Who is still dying of COVID-19? 5 findings


Provisional CDC data shows COVID-19 deaths have fallen 90 percent since peaking in January, but the virus is still killing hundreds of people each day in the U.S., according to a June 10 analysis from The New York Times.

To explore which groups are still dying from the virus, the Times reviewed CDC data on COVID-19 deaths from Dec. 5, 2020, to May 22.

Five findings:

1. About half of COVID-19 deaths involve people ages 50 to 74, up from one-third in December.

2. During the pandemic's peak last winter, people who were white and age 75 or older accounted for more than half of all deaths. Now, this group accounts for less than a third.

3. Middle-aged adults of all racial groups account for a higher proportion of deaths now than in December.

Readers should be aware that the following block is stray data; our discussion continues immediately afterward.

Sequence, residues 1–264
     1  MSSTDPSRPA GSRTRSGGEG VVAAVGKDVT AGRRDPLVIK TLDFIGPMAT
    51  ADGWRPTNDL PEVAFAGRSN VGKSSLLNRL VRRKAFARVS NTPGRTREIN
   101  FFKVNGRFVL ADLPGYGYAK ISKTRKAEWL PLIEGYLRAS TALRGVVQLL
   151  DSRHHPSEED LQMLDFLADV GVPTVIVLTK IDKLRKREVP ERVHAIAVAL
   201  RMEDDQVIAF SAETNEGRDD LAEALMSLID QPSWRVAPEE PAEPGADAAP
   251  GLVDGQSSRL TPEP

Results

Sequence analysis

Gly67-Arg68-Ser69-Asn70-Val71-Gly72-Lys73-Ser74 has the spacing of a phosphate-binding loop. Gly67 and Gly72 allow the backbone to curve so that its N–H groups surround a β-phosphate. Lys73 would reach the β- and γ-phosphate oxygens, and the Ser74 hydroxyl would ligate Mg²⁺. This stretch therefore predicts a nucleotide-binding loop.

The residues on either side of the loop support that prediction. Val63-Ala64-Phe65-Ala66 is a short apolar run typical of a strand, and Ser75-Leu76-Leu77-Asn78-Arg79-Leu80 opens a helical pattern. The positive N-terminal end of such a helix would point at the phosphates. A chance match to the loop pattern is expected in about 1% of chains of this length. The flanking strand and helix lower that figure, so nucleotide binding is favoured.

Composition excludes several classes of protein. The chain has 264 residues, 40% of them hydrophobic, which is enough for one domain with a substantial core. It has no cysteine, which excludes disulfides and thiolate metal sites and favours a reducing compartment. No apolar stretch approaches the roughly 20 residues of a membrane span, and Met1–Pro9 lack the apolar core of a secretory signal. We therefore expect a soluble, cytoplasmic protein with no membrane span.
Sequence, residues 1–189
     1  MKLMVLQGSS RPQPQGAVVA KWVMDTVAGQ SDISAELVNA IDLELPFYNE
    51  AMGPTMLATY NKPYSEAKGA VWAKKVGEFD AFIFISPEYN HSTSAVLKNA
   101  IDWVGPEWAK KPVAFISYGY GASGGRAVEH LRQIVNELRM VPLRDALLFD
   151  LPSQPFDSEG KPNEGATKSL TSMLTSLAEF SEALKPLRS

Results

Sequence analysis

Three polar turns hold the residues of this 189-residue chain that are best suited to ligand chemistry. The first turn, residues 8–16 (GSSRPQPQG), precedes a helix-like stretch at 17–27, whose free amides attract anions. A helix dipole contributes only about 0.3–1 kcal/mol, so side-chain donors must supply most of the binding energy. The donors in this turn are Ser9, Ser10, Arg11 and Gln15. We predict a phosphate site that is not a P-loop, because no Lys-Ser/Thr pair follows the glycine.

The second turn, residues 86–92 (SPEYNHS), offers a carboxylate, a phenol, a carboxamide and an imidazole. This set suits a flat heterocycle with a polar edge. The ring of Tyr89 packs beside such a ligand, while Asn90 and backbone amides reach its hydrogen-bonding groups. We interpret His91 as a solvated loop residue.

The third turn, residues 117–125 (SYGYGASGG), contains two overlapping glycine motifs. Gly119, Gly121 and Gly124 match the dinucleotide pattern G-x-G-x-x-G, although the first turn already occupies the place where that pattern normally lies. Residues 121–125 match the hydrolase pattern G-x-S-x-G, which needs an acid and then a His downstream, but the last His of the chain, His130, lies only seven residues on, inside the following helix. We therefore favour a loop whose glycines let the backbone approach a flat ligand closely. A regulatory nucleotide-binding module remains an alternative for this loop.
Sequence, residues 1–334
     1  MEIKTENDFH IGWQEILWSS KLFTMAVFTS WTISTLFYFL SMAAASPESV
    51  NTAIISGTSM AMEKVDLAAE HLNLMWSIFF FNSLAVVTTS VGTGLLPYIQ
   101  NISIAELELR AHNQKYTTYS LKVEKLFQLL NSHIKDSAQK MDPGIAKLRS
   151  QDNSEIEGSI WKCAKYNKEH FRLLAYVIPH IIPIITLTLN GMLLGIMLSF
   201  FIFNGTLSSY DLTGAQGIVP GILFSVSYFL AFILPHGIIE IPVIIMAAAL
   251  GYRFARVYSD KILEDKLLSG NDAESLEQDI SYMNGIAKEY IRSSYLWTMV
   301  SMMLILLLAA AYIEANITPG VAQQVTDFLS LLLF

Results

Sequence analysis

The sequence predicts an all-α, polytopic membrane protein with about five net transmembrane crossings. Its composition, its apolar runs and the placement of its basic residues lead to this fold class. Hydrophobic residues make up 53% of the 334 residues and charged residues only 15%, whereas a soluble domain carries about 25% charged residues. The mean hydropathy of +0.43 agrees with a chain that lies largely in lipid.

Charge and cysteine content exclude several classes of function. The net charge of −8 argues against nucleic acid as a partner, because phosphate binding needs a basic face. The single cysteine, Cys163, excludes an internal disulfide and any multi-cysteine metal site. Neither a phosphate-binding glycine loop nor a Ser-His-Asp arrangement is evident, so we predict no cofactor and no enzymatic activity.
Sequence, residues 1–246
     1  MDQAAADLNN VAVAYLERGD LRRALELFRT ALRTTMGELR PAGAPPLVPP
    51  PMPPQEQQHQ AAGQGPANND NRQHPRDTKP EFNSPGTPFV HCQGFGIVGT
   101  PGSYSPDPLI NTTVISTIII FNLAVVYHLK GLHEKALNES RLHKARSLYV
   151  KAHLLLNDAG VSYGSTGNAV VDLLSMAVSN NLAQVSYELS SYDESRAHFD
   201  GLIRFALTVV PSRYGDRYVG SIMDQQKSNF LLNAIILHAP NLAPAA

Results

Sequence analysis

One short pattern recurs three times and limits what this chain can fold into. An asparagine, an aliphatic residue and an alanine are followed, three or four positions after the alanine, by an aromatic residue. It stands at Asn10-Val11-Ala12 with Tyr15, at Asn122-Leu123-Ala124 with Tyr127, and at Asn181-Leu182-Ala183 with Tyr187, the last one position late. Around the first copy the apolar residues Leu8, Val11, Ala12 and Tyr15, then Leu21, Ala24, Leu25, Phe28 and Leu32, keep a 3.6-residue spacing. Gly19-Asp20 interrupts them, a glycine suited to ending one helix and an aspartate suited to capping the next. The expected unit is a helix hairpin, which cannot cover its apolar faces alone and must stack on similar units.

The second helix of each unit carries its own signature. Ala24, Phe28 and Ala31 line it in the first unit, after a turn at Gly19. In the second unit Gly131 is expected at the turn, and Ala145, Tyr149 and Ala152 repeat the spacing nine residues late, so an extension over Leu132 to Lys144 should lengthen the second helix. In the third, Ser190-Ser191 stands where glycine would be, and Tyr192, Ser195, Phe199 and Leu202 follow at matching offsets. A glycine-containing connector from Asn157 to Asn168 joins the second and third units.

4. White adults age 75 and older, and Asian people under 30 saw the steepest declines in deaths since Dec. 5. 

5. Current deaths mainly involve people who haven't been vaccinated, either by choice or due to barriers such as a lack of access, according to Krutika Kuppalli, MD, an infectious disease expert at the Medical University of South Carolina in Charleston. 

To view the full analysis, click here.


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